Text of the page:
While India have had better performances in the group stage compared to England, a high stakes, ‘winner takes it all’ contest like this always starts on an even keel.
England’s premier all-rounder Ben Stokes has already admitted that they have not play their best cricket and the Indian team needs to ensure that a Jos Buttler and Stokes himself don’t choose the semifinal to bring their A game to the fore.
Touchdown Adelaide 📍#TeamIndia | #T20WorldCup https://t.co/absGUDySIK
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History is also a bit against India when it comes to results at the business end of the ICC events.
Post 2013, Indian teams have struggled to cross the final two hurdles on multiple occasions — 2014 T20 World Cup final, 2016 T20 World Cup semifinals, 2017 Champions Trophy final and 2019 ODI World Cup semifinal.
Even though Rohit Sharma played in all those games, he wasn’t leading the side back then and hence doesn’t carry any baggage of disappointment as he enters the most critical phase of his full time captaincy.
Rohit (89 runs in 5 games) would like to forget the physical pain of being hit in the forearm as he wouldn’t shy away from playing one pull shot too many if a fit Mark Wood or his likely replacement Chris Jordan digs it short.
The India skipper needs an innings of substance in the competition and there couldn’t be a bigger match than a semifinal to shut his detractors.
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Virat Kohli would have a battle at hand against his old nemesis Adil Rashid, while Suryakumar Yadav’s skills against Sam Curran’s cutters will be an enticing match-up.
Stokes’ all round abilities will find its match in Hardik Pandya, who has done his bit with the bat and ball in various games.
The intrigue of sub-plots embedded in the main narrative makes up for a heady build up as world No.1 India meets its ideal match in second-ranked England.
The fans across the globe want an India versus Pakistan final at the MCG on Sunday but skeptics would immediately point at history where both India and Pakistan lost their respective ODI semi-finals in the 1987 World Cup.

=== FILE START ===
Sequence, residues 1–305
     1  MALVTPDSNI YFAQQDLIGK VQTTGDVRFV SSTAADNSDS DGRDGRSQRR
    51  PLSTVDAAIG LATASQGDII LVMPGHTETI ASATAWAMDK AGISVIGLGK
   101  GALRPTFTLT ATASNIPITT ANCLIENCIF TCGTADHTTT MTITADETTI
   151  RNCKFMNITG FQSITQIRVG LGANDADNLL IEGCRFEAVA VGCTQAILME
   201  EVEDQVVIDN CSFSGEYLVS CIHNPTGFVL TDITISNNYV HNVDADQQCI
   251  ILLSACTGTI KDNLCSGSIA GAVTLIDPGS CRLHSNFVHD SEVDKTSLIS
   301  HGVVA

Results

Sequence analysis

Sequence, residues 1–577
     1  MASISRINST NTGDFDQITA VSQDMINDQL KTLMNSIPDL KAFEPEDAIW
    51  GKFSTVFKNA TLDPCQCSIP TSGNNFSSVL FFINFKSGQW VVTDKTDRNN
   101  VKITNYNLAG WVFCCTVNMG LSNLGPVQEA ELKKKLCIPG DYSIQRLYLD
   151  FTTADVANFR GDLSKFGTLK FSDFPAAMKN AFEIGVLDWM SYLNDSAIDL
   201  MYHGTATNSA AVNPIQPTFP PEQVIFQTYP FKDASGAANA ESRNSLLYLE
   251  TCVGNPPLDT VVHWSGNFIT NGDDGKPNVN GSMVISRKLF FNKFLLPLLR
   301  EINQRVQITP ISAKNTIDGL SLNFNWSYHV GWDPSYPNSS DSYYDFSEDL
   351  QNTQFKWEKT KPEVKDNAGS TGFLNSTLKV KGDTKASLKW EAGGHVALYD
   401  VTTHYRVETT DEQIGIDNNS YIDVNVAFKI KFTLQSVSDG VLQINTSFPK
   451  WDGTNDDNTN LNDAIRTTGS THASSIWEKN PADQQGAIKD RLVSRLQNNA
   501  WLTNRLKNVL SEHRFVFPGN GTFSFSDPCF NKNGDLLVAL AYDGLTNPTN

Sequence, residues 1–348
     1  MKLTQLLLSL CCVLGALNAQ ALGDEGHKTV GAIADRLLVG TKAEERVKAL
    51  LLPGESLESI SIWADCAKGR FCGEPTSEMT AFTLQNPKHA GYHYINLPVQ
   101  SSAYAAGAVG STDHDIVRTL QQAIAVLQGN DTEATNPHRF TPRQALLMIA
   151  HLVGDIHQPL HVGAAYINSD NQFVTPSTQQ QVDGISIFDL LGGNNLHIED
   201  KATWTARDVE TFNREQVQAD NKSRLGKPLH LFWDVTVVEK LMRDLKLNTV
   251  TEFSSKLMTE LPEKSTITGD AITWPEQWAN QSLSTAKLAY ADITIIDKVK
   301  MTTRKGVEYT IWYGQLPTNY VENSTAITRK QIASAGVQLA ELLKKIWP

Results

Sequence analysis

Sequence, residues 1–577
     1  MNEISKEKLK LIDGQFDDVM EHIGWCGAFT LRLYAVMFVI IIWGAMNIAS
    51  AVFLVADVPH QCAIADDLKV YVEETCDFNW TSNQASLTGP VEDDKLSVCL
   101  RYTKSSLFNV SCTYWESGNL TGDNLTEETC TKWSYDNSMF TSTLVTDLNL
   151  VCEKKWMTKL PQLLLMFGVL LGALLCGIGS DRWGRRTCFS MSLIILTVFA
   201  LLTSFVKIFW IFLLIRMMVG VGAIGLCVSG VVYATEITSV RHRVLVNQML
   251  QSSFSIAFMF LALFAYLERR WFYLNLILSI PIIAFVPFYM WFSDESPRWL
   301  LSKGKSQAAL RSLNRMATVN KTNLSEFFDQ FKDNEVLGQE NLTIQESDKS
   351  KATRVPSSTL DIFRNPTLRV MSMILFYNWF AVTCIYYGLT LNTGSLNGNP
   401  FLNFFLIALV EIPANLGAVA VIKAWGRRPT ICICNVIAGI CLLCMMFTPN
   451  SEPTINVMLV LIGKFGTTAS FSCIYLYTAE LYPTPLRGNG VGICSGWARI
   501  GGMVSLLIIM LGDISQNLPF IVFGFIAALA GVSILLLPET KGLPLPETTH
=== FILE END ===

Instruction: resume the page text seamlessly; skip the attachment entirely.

From playing exquisite shots all around the park to excelling with the bat in the #T20WorldCup⚡️⚡️@ashwinravi99 i… https://t.co/WlOItpA7Fl
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Pant or DK, Chahal or Axar?
The Indian team won four games in the Super 12 stage but what has looked a bit unsettling is not being able to get optimum performance from Dinesh Karthik and Rishabh Pant looking confused whether to attack or defend while batting at No. 5.
With shorter side boundaries and presence or Rashid, whose leg break would turn into a left hander, Pant looks a more plausible choice but whether Rahul Dravid’s fascination for a designated finisher continues will be interesting to see.
Similarly Axar Patel (3 wickets at economy rate of 9.10) hasn’t set the stage on fire but the Indian team management hasn’t not shown enough courage to play Yuzvendra Chahal so far.
Chahal’s presence will be important since the match will be played on one of the used tracks and spin will play an important role in the outcome of the game.
If Mark Wood, tournament’s fastest bowler is ultimately ruled out due to back niggle, it would be welcome news for India as Jordan or Tymal Mills do not have the wherewithal to stop this line up.
But Stokes and Curran have been more than impressive for England with the ball and would prefer India batting first and chase down a total in the range of 150.
Buttler, Alex Hales, Liam Livingstone can chase any total on a given day but on a bigger occasion but a small total will help in decreasing the scoreboard pressure.
The par score in Adelaide would be 170 and Rohit along with either Karthik or Pant will have to stand up and be counted as ‘law of averages’ could catch up with Suryakumar (225 runs) or Kohli (246 runs) sooner than later.
India: Rohit Sharma (captain), KL Rahul, Virat Kohli, Suryakumar Yadav, Dinesh Karthik (wk), Hardik Pandya, R Ashwin, Axar Patel, Bhuvneshwar Kumar, Arshdeep Singh, Mohammed Shami, Deepak Hooda, Harshal Patel, Rishabh Pant (wk), Yuzvendra Chahal
England: Jos Buttler (captain, wk), Ben Stokes, Alex Hales, Harry Brook, Phil Salt, Dawid Malan, Sam Curran, Mark Wood, Moeen Ali, Adil Rashid, Tymal Mills, Chris Jordan, Liam Livingstone, Chris Woakes, David Willey